Firecracker runs in user space and uses the Linux Kernel-based Virtual Machine (KVM) to create microVMs. The fast startup time and low memory overhead of each microVM enables you to pack thousands of microVMs onto the same machine. This means that every function, container, or container group can be encapsulated with a virtual machine barrier, enabling workloads from different customers to run on the same machine, without any tradeoffs to security or efficiency. Firecracker is an alternative to QEMU, an established VMM with a general purpose and broad feature set that allows it to host a variety of guest operating systems.

You can control the Firecracker process via a RESTful API that enables common actions such as configuring the number of vCPUs or starting the machine. It provides built-in rate limiters, which allows you to granularly control network and storage resources used by thousands of microVMs on the same machine. You can create and configure rate limiters via the Firecracker API and define flexible rate limiters that support bursts or specific bandwidth/operations limitations. Firecracker also provides a metadata service that securely shares configuration information between the host and guest operating system. You can set up and configure the metadata service using the Firecracker API. Each Firecracker microVM is further isolated with common Linux user-space security barriers by a companion program called “jailer”. The jailer provides a second line of defense in case the virtualization barrier is ever compromised.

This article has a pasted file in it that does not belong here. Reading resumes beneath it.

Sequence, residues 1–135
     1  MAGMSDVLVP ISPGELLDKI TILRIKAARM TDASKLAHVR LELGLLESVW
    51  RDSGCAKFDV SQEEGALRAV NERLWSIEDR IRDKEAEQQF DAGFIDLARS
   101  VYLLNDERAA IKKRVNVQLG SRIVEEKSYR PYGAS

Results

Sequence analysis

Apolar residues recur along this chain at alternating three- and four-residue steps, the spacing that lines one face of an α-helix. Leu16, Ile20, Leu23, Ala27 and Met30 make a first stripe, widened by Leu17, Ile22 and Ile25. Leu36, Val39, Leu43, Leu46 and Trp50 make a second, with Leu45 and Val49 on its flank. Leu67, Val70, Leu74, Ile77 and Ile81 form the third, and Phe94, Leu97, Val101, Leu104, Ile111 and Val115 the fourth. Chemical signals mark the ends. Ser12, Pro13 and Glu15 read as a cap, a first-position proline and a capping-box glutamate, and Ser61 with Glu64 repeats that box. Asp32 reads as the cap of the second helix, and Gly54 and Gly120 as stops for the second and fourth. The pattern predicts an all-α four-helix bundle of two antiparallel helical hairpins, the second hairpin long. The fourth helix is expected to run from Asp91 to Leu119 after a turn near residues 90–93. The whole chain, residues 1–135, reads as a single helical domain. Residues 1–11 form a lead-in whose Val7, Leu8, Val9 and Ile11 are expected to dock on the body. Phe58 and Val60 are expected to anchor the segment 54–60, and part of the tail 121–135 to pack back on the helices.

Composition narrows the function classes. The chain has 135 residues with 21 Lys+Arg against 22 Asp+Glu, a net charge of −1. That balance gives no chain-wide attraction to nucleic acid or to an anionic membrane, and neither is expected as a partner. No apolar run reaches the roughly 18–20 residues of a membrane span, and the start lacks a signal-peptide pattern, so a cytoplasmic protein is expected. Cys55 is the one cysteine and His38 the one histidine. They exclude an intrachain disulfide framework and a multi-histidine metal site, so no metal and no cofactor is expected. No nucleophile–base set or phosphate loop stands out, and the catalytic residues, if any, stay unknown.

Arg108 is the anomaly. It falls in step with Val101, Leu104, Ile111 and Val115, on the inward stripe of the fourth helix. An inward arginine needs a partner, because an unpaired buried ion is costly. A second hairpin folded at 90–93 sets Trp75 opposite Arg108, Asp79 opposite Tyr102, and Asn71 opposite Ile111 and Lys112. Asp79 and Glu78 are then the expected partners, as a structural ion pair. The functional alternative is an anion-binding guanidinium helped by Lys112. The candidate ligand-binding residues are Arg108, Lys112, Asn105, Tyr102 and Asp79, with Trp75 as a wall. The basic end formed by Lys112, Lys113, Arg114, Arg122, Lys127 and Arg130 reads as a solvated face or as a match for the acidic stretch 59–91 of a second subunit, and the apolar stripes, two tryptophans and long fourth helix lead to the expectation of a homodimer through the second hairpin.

Benefits of Firecracker:

Security: